Sunday, July 08, 2007

Rozerem linen spray

I guess Rozerem thinks this fits with their program because a linen spray is (I assume) intended to render the smell of your linens conducive to sleep. Now it is no secret to readers of this blog that I haven't been impressed with the scents chosen by other drug companies for their products, so on a positive note, this is the least outrageous smell yet. Mostly it smells like hairspray, with a hint of an unidentifiable floral derivative. Not a winner, but not ghastly.

Coreg CR pen

This is a nice, basic pen. It writes well, and while it's nothing special, at least there are no bells and whistles interfering with function. That means I'm much more likely to use it.

Sunday, July 01, 2007

Januvia Pen

Merck is pulling out all the stops for this one. Their newest diabetes wonder drug, with a singular pen design I haven't seen before. There are Post-It notes right there in the handle. It isn't bad at writing either.


We now return to approximately weekly postings.

Sunday, June 03, 2007

Rozerem facemask

Rozerem has really odd commercials that I don't understand at all. Perhaps one would need to be an insomniac to ken what a talking beaver playing chess has to do with sleep. But this facemask is actually quite nice, as trinkets go, and certainly stands out from the pack of drug rep toys.

Tuesday, May 29, 2007

Viagra pen

Another one that fails to live up to the legacy, perhaps even legend, of great Viagra pens. This pen's clip is flimsy, and the end part that holds it on is so loosely attached that clicking it closed quickly will pop the top of the pen off. Not impressed.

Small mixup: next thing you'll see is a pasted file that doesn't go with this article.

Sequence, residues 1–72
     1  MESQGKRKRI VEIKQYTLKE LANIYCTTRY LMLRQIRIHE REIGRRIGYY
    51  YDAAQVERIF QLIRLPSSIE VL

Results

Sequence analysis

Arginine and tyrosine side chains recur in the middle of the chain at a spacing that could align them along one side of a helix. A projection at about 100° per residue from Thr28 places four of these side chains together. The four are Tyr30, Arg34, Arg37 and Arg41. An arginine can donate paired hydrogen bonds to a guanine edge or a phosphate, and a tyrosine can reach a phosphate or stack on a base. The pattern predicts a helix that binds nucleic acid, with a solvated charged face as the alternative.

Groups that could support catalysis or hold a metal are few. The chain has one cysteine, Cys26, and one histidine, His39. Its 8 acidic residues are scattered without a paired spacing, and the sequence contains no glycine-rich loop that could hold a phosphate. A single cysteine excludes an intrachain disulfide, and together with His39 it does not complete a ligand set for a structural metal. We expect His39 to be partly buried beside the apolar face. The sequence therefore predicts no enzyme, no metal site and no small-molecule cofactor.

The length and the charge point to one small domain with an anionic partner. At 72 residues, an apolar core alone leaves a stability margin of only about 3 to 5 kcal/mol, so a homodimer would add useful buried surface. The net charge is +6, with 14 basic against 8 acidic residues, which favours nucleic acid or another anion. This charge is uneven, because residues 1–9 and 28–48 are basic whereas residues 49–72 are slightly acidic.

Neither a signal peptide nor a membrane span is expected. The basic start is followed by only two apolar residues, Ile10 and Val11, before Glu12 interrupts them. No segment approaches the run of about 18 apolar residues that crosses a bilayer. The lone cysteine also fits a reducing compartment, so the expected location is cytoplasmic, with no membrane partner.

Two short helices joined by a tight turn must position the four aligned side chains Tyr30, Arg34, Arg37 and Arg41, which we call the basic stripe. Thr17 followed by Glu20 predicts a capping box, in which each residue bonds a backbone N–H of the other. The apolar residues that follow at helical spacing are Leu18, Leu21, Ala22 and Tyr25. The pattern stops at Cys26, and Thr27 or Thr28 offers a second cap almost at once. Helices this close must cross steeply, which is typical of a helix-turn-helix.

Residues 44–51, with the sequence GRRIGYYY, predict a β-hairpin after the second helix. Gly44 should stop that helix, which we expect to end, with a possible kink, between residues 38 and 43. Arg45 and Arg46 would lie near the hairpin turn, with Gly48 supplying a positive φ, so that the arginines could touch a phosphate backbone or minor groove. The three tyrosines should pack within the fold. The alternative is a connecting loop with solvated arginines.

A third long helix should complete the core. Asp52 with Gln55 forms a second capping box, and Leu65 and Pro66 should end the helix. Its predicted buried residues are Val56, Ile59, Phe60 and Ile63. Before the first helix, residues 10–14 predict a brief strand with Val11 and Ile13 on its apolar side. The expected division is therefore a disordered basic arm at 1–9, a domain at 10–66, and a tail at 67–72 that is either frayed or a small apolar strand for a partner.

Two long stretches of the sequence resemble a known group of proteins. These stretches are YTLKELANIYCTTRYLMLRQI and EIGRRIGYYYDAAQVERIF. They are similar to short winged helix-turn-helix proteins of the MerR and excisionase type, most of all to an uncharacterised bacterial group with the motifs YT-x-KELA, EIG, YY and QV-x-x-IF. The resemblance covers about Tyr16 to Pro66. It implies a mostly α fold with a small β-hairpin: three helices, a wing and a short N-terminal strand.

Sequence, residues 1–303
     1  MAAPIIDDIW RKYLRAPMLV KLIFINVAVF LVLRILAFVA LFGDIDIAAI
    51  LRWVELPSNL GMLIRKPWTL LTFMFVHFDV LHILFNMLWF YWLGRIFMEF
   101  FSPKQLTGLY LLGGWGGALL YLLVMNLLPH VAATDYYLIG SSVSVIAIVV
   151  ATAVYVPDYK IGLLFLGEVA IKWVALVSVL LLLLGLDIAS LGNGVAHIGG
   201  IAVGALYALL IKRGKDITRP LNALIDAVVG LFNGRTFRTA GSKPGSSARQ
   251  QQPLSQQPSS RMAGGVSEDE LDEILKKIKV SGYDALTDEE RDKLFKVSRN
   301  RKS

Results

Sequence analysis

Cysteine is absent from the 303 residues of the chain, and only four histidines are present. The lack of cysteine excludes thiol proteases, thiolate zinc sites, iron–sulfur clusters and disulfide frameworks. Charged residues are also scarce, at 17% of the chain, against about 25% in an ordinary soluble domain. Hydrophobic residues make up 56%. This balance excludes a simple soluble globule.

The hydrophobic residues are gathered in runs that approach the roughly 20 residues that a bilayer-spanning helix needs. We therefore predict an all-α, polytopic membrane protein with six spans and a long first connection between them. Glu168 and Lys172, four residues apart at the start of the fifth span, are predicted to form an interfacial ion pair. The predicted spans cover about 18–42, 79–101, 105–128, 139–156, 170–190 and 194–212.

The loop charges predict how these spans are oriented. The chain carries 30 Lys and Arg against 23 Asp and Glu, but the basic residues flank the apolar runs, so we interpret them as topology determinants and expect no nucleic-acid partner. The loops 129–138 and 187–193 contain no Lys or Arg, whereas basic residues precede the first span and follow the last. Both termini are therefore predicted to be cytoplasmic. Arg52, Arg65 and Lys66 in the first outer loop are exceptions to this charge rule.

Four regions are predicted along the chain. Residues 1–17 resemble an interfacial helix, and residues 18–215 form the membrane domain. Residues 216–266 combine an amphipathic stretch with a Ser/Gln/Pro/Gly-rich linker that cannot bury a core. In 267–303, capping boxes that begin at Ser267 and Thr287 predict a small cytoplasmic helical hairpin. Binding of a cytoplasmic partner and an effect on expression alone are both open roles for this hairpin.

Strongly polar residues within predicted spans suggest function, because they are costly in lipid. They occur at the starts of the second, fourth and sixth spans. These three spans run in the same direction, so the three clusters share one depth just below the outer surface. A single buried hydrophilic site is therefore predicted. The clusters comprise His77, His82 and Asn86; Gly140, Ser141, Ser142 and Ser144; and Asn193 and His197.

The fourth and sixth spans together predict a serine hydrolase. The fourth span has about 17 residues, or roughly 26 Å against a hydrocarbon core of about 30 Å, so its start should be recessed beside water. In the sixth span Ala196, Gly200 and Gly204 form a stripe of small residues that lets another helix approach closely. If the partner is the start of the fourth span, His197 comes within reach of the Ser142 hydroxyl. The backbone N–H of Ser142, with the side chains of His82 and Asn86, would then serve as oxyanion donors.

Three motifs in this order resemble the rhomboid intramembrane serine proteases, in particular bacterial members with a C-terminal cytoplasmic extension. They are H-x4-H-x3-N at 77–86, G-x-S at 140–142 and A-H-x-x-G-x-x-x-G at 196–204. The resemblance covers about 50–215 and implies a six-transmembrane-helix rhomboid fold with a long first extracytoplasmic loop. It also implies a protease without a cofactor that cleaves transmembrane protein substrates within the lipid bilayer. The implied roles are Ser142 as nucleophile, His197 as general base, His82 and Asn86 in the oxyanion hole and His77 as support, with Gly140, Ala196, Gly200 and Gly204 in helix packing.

Wednesday, May 23, 2007

Short Hiatus

Due to a combination of drug rep presentation scheduling with the hospital and a long-needed vacation, Drug Rep Toys will be updated infrequently for a few weeks, with regular posts returning by July 1 at the very latest (since our residency programs schedule most the visits). Fret not, gentle readers, I'm rather attached to this blog, and I won't stop posting forever.

Monday, April 23, 2007

Avandia monofilament

This is a drug rep toy that not only useful, but its use pertains to the drug. Avandia is useful in some diabetes patients, and one of the most important things to check in them is their sense of fine touch. A standardized monofilament is best, and this one has its own case, into which it retracts. I like this toy a lot.

Sunday, April 15, 2007

Levitra Reflex Hammer

Not the greatest reflex hammer out there, for sure. Far too lightweight, in fact you might get better results with some of the pens I've reviewed here. The only good thing about it is the microfilament for light tough testing that can be extruded from the handle. But I'm sticking with the one I picked up at the med supply store.

Benicar Post-it notes

Just basic post-it notes, tough to go wrong here.

Monday, April 09, 2007

Namenda hand sanitizer

I don't know what it is with drug reps and hand sanitizer, but all of them are taking bad advice in the fragrance department. Whoever picked this one needs to be told that "nail polish remover" is not a winning odor. Thumbs down, way down, on this toy.

Sunday, April 08, 2007

Aggrenox pen

This is an excellent pen. Heavy, wide bodied, with ink that doesn't skip. I'm currently using it as my primary pen.